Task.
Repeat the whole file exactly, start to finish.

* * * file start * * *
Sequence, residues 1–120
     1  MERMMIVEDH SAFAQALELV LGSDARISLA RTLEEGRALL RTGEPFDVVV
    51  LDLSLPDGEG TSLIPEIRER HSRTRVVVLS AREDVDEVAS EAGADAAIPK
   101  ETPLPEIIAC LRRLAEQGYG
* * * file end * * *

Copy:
Sequence, residues 1–120
     1  MERMMIVEDH SAFAQALELV LGSDARISLA RTLEEGRALL RTGEPFDVVV
    51  LDLSLPDGEG TSLIPEIRER HSRTRVVVLS AREDVDEVAS EAGADAAIPK
   101  ETPLPEIIAC LRRLAEQGYG